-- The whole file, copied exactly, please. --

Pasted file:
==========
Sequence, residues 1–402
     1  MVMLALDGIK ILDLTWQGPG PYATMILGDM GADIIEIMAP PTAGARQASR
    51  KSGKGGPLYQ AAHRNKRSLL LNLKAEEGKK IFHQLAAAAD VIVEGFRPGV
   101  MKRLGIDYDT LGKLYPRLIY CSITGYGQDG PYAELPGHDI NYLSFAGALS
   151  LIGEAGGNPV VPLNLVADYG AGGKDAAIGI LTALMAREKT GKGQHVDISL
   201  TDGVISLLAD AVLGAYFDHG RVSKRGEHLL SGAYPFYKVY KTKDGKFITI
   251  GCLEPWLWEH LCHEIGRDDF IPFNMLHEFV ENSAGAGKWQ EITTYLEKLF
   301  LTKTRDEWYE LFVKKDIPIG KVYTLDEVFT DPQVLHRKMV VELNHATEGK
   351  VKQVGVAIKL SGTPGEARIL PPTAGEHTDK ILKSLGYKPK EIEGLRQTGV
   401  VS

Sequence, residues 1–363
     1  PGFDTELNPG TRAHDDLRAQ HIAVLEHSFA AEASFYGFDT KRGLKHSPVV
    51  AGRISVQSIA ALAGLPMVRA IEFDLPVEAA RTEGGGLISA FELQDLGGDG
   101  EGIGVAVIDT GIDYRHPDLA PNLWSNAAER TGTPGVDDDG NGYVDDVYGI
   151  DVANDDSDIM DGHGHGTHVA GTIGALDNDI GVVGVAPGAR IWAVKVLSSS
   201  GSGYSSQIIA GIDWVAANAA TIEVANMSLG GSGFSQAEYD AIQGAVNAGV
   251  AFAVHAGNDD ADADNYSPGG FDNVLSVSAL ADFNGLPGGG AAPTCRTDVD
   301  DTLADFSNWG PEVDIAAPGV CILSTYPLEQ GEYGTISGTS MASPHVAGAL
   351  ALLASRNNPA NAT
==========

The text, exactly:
Sequence, residues 1–402
     1  MVMLALDGIK ILDLTWQGPG PYATMILGDM GADIIEIMAP PTAGARQASR
    51  KSGKGGPLYQ AAHRNKRSLL LNLKAEEGKK IFHQLAAAAD VIVEGFRPGV
   101  MKRLGIDYDT LGKLYPRLIY CSITGYGQDG PYAELPGHDI NYLSFAGALS
   151  LIGEAGGNPV VPLNLVADYG AGGKDAAIGI LTALMAREKT GKGQHVDISL
   201  TDGVISLLAD AVLGAYFDHG RVSKRGEHLL SGAYPFYKVY KTKDGKFITI
   251  GCLEPWLWEH LCHEIGRDDF IPFNMLHEFV ENSAGAGKWQ EITTYLEKLF
   301  LTKTRDEWYE LFVKKDIPIG KVYTLDEVFT DPQVLHRKMV VELNHATEGK
   351  VKQVGVAIKL SGTPGEARIL PPTAGEHTDK ILKSLGYKPK EIEGLRQTGV
   401  VS

Sequence, residues 1–363
     1  PGFDTELNPG TRAHDDLRAQ HIAVLEHSFA AEASFYGFDT KRGLKHSPVV
    51  AGRISVQSIA ALAGLPMVRA IEFDLPVEAA RTEGGGLISA FELQDLGGDG
   101  EGIGVAVIDT GIDYRHPDLA PNLWSNAAER TGTPGVDDDG NGYVDDVYGI
   151  DVANDDSDIM DGHGHGTHVA GTIGALDNDI GVVGVAPGAR IWAVKVLSSS
   201  GSGYSSQIIA GIDWVAANAA TIEVANMSLG GSGFSQAEYD AIQGAVNAGV
   251  AFAVHAGNDD ADADNYSPGG FDNVLSVSAL ADFNGLPGGG AAPTCRTDVD
   301  DTLADFSNWG PEVDIAAPGV CILSTYPLEQ GEYGTISGTS MASPHVAGAL
   351  ALLASRNNPA NAT